BBC America  started a new show last night called The Choir.  It’s a reality show in which a handsome and likable young man, Gareth Malone (isn’t Gareth a totally British-sounding name?), visits a typical comprehensive school in a low-income area in England and recruits twenty-five novice singers for a choir.  The goal is to establish the choir and work with them until they’re good enough to compete in a choral competition in China, of all places.

The school is Northolt High School, and – according to the show and to the BBC press release – it has never had a choral music program.  Malone holds auditions and chooses the best from among the many untrained singers who try out.  Either the school doesn’t contain older students, or very few of them try out, because one of his first problems is in finding boys whose voices have changed for the bass parts.  The few that he does manage to find are very weak, and (like the rest of the kids) totally untrained.

Last night’s show followed the progression of announcing the program to the students, holding auditions, forming the choir, and teaching and rehearsing the selected pieces.  It culminated with a recording session in which the new choir made a demo CD to submit with their application to the contest.   The whole process took only six weeks (I believe), with only one rehearsal per week.

The first thing that really jumped out at me was how musically impoverished these children were.  They had never had any sort of music education, did not know how to read music or decode a score, and most of them had never even tried to sing in harmony before.  The personable Mr. Malone got quite a lot accomplished in the short time that he had, but the choir did not sound very good on their audition recording, I have to say.

What distressed me was Malone’s lack of attention to basic singing skills.  Perhaps he didn’t feel that he had the time.  And of course, the show was edited to focus more on the personal stories of some of the students, since that is what sells reality TV programs.  So perhaps there was more vocalization, warm-ups, and coaching than what we saw on the screen.  But there’s no doubt that the students were grossly oversinging, and Malone kept prompting them to get louder and louder, without offering any tips on breath support or vocal technique.  I have always been suspicious of the “Loud equals Good” school of musical training.  The singing was brassy, flat, and raucous – in a way, reminiscent of some of those Eastern-European folk choirs.  I realize Malone didn’t have a lot of time, but I would have hoped that, as a classically-trained musician, he would have taken a little more care with the vocal production.  If they continue to sing like they were in this first episode, his students will end up with vocal problems by the end of the season.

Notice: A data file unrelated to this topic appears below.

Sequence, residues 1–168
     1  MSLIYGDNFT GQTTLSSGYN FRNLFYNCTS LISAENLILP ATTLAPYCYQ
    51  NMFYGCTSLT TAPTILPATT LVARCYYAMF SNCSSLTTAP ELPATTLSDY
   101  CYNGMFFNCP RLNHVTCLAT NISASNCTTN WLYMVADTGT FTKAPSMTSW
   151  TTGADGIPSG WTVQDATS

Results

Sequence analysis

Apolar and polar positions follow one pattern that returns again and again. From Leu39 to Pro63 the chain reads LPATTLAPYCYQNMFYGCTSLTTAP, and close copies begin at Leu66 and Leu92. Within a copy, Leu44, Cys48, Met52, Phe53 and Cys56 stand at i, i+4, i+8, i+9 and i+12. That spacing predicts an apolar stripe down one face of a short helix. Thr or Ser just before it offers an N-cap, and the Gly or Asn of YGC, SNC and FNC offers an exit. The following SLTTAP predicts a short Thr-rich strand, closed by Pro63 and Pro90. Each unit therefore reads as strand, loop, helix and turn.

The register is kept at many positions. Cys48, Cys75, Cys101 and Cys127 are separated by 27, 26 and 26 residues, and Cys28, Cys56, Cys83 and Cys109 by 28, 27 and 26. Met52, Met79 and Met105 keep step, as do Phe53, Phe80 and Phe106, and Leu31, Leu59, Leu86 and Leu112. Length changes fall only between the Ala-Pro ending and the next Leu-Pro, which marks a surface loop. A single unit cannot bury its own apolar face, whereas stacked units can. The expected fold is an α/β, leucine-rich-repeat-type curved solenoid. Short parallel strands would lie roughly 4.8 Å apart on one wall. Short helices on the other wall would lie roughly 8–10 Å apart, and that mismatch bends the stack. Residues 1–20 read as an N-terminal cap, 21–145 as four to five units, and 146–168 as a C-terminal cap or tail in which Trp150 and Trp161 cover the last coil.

In spite of that, my overall response was positive.  For one thing, it made me so grateful to have had musical training as a child.  Although Garland schools did not have elementary music programs until well after I had graduated, my parents enrolled me in pre-school church choir, and I continued through the children’s church choir program into high school.  My parents were also responsible for buying a piano for our home, and paying for my piano lessons, which started when I was in third grade and continued into college.  In Junior High I played flute in the school band, and in high school I added bassoon and xylophone to my repertoire.  These musical experiences had a vast impact on my life, and I cannot begin to imagine how different I would be had I not had the privilege of a music education.  I watched the children on The Choir as they timidly sang together for the first time, and I could see how they changed and grew as they began to feel the joy of group singing.

An especially gratifying moment in the show occurred after the audition recording had been made.  Malone arranged to have copies of the CD mailed to each of the choir members, and the cameras caught the children in their homes, playing the CDs for their families and for themselves.  One girl’s grandmother began to cry as she listened to her granddaughter’s voice singing among all the others.  You could tell that, for this woman, this was a moment of pure joy and wonder.

It seems to me that this is the essence of the show – that the joy of singing as a group, as a community, is something of immeasurable value that is in danger of being lost.  I know that The Choir was highly successful and award-winning in its British run, and I hope that lots of Americans will tune in to its US broadcast.  There are many parts of America in which music education is on the cutting block, and it’s my hope that interest in this TV reality show will engender a renewed interest in keeping the arts in the public schools.

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